To help countries prepare and manage population flow we are developing advance warning systems so that we can anticipate where people will be moving and then respond quickly.
In Yemen, we are working with UNDP to finance a public works program to help people cope and earn money. We are working during crises to help host countries improve the business climate and use the private sector as a driver to stimulate economic growth.
In Jordan, we are helping to create special economic zones to generate more than 200,000 new jobs for Jordanians and Syrian refugees, and in Lebanon, we’re planning an education project to allow 200,000 Syrian children to enroll in Lebanese public schools.
We are now looking for longer-term solutions in a number of countries, including Afghanistan, Kenya, and Somalia, on issues ranging from increasing agricultural productivity in areas hosting refugees to helping refugees return to their countries.
With your support we’re fundamentally rethinking the way we use finance in response to forced displacement by establishing the Global Concessional Financing Facility. If we really want to solve the problem, then concessional finance should follow the refugees and not be limited by rigid rules that follow only GNI per capita.
What you have told us is that we need to be flexible and that you expect us to have real impact. So we will.
Ebola and more recently Zika exposed lethal weaknesses in our ability to respond to pandemics.
There is a high probability that the world will experience another severe disease outbreak in the next 10 to 15 years. This could cost thousands of lives and trillions of dollars.
You told us to respond and once again we did.
If the Pandemic Emergency Financing Facility that we launched this year had existed in 2014 during the Ebola outbreak in West Africa, we could have mobilized 100 million dollars months before money actually flowed at a time when the epidemic was only one tenth as severe. Instead, it cost 10 billion dollars for emergency response, recovery efforts and in economic losses to the affected countries.
Preparedness is the best form of response; and it’s less costly. From natural disasters, we know that investing in early warning systems has a cost-benefit ratio of at least five dollars saved for every dollar spent.
This is why your role is so crucial.
With your support, we will explore how innovative financing instruments like the PEF, can be used for mitigating other kinds of risks that will provide the poor much needed access to insurance and other kinds of safety nets.
Climate change is another global risk where we must change the way we work and the urgency with which we do it.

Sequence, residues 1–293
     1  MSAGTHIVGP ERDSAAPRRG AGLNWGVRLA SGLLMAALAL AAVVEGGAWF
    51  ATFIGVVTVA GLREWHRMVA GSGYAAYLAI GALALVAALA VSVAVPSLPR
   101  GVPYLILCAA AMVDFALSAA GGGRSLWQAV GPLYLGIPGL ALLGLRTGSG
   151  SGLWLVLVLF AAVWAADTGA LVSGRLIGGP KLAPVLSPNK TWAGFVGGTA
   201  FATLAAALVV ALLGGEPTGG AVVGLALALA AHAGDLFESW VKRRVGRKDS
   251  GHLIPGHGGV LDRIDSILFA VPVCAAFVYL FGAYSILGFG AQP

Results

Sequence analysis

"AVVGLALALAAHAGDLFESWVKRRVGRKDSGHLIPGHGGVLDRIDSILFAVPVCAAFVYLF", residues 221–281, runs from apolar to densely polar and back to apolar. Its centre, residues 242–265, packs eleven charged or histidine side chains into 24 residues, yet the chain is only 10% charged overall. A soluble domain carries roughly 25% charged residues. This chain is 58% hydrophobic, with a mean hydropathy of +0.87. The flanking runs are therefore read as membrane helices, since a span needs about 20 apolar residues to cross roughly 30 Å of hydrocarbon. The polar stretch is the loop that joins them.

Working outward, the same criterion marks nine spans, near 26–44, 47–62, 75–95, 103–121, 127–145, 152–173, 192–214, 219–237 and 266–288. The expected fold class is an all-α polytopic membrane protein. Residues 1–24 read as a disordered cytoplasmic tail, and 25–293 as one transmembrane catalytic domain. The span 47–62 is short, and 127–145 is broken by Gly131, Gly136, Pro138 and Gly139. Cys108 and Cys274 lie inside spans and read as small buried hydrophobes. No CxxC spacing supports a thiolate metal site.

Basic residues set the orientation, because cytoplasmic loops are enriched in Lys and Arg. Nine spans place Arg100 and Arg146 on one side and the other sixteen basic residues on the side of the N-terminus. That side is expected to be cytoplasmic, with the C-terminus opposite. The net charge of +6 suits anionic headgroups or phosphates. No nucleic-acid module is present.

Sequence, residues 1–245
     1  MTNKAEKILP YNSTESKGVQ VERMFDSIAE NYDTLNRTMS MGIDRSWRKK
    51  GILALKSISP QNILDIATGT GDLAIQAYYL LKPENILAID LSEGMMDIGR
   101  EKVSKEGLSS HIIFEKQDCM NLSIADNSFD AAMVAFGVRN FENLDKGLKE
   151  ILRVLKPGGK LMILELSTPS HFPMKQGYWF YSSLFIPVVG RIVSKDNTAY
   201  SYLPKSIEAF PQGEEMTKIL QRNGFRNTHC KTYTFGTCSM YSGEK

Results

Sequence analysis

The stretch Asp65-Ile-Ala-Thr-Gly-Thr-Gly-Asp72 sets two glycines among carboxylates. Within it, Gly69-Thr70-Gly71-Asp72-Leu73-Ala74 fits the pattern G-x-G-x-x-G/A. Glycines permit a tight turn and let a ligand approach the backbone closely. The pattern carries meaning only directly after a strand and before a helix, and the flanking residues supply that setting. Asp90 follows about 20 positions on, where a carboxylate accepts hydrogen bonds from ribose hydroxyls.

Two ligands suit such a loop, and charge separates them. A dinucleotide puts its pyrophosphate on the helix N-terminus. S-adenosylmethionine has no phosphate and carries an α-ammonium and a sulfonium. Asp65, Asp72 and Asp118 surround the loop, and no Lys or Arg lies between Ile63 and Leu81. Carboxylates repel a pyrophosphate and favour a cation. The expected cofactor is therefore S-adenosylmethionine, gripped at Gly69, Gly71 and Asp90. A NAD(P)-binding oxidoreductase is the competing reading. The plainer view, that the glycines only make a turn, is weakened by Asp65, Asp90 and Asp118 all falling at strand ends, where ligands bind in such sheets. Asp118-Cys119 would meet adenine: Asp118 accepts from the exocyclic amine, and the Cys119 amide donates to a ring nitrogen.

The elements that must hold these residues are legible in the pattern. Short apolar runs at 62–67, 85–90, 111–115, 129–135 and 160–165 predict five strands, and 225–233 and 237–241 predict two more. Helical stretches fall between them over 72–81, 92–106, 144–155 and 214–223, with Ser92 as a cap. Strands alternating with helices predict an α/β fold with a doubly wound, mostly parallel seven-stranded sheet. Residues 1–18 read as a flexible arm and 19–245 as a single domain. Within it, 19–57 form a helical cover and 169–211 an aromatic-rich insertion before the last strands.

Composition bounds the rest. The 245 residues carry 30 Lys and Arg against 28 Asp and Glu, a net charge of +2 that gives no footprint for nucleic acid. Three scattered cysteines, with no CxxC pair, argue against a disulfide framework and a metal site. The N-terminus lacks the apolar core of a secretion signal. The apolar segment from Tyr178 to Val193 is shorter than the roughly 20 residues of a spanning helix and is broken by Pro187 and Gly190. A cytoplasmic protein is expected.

The good news is that the world must now enforce the commitments we made in Paris.
But we need to move much more quickly or the door will close on 1.5 degrees Celsius.
August was the hottest month since record-keeping began. And there is a fairly good chance that 2016 – a year after the signing of the historic Paris agreement – will be the hottest year on record, again.
In almost all parts of the world, extreme weather events, whether record rainfall or droughts, are becoming more common.
Right now, our thoughts are with the people of Haiti, whose country was devastated this week by Hurricane Matthew with the death toll nearing 300. The storm’s dire impacts have already been felt across many vulnerable, small island countries across the Caribbean.
We are sending a rapid assessment team to coordinate with Haiti’s partners in appraising the extent of the damage. Haiti has also requested support from the Caribbean Catastrophe Risk Insurance Facility, which was developed with assistance from the World Bank to provide insurance against natural disasters.
Disasters like this remind us of the need to help countries build greater resilience against ever-more frequent shocks.
More often than not it is the poorest people in the world who are most vulnerable to the impacts of climate change, making action on climate change core to our mission of ending extreme poverty.
We need to get far more serious about financing the promises that countries have made but we also need to be more creative in how we use available resources.
We did this when we began looking at the refugee crisis; now we need to do the same thing with greenhouse gases. Our approach to the refugee crisis was “follow the refugees”; with climate change, we must follow the greenhouse gases and finance the projects that will reduce them, at the scale required.
We have achieved so much but there is still so much to do.
We have to raise our ambition if we want to spur economic growth for the poorest countries and people in the world.
We need to make the right investments in people that are critical for countries to be competitive.
With all the global threats that we’re facing, we have to put in place the measures that will make a difference on the scale that’s needed.
We have created a better World Bank. Now we need a stronger World Bank.
You may recall, in my first plenary speech in Tokyo, I quoted the American civil rights leader Dr. Martin Luther King, who said “the arc of the moral universe is long, but it bends toward justice.”
Today, I will close with a different quote from Dr. King, which has to do with what he called “the myth of time…the strangely irrational notion that there is something in the very flow of time that will inevitably cure all ills.”
Speaking only a few blocks from here in 1963, Dr. King talked about the “fierce urgency of now” – the need for immediate, purposeful action toward a vitally important goal.
I call on all of us here today to act with that same fierce urgency toward our goal – the end of extreme poverty.
At the end of the day our aspirations for the poor have to meet the aspirations of the poor for themselves. Or we will have failed.
You have given us the best mission in the world – to end extreme poverty and boost shared prosperity.
Push us to work across the institution to bring new resources, especially from the private sector, to our clients.
Demand of us to be even more creative with our knowledge and respond more quickly to your needs.
But also, give us the flexibility we need to solve the most important problems and make sure we have the financial capacity to change the world for the poorest and the most marginalized.
Let’s be bold and together, not only will we bend the arc of history toward justice, we will remake history for ourselves, our children and all future generations.